In the margins

  

Image from http://airshipdaily.com/blog/marginalia 

Some people write in their books; others view this as desecration. The practice of adding handwritten notes, or marginalia, to books has been going on for centuries. (The Evolution of Marginalia: Kiri L. Wagstaff)

Our love affair with the e-book is showing no signs of abating but like many people I’m still attached to real books and have shelves (and boxes) full of books I can’t bear to part with. Books have been a huge part of my life, I’ve always been an avid reader and novels have often been a refuge for me, a place to lose myself for an hour or two or three.

When e-books came along I swore I’d never convert but one Kindle app and three years down the road almost every novel I read now is read on Kindle, and for me it’s joy to walk around with an endless library on tap. But I still find it difficult to read anything other than novels, newspapers and magazines online. If I have to work with a text, rather than just read it for pleasure, wherever possible I work with a real book.  In a similar way, I still find it difficult to adapt to digital note taking, I have tried and failed to ‘get’ Evernote. I still carry around a leather notebook that jostles for space with my iPad in my bag. For me there’s something about the physical act of writing, turning pages, and taking notes that helps my concentration and ability to absorb ideas and concepts. It is how I learnt to learn and so far has been quite impervious to change. And one other thing hasn’t changed, I still wouldn’t dream of writing notes in the book itself.

I listened to R3 programme on marginalia earlier in the year, the practice has been going on for centuries and is a well established focus for historical research. Most e-readers now allow you to mark up and make comments digitally, and whilst some people are worried about how these digital marginalia can be preserved for future generations, software developers are busy adding functionality to our e-readers to enable us to share our mark ups, comments and reflections.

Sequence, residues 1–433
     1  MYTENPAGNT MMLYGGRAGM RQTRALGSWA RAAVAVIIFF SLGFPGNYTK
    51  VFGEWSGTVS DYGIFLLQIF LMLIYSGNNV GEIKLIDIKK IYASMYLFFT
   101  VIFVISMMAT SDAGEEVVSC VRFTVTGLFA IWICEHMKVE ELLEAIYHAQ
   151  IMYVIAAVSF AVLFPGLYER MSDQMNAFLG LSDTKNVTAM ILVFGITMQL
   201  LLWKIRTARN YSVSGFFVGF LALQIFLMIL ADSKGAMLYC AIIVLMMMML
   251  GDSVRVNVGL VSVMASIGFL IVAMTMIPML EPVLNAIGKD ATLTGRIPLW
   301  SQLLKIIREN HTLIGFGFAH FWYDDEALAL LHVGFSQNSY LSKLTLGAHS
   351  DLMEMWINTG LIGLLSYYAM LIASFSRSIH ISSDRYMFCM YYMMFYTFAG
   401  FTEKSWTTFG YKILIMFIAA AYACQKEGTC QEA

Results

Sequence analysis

I find this whole topic fascinating and challenging. As someone who’s always been fanatical about not marking books (I used to have a whole selection of bookmarks to prevent page folding) the concept that another reader’s written annotations could add value rather than detract from a text was a bit of an anathema to me. I admit I find other people’s scribbling distracting, it leads my eye and without great attention I’m pulled into the previous reader’s slipstream taking their ideas, questions and interpretations rather than forming my own. 

But the programme challenged me to think again. As have various posts and articles I’ve read about the topic. One researcher, Cathy Marshall explored the value students drew from using second-hand annotated text books. Unlike me these students were drawn to  marked up copies in libraries for the handed down wisdom of former readers. When I’ve discussed this with other people, they’ve often felt the same, for them annotations add something new to the reading exprience.

This got me thinking, aren’t annotations on texts similar to shared wikis and collaborative blogging?  They’re really not that different to digital curation and the collective sense making we co-create in digital spaces which I’m all for.  So I’m intrigued by why I’m so uncomfortable with making or seeing annotations in the margins of my books?

The best answer I can give is that it’s an emotional response for me, a reverence bred in childhood where books were something special to be cherished. But I’m beginning to see how annotation can also be read as a form of respect.  I’m beginning to think maybe I’m being short sighted, a creature of habit stuck in old ways, and that perhaps I should take a more collaborative approach and start marking up. If you’re interested, these posts all discuss the value of historical and digital marginalia.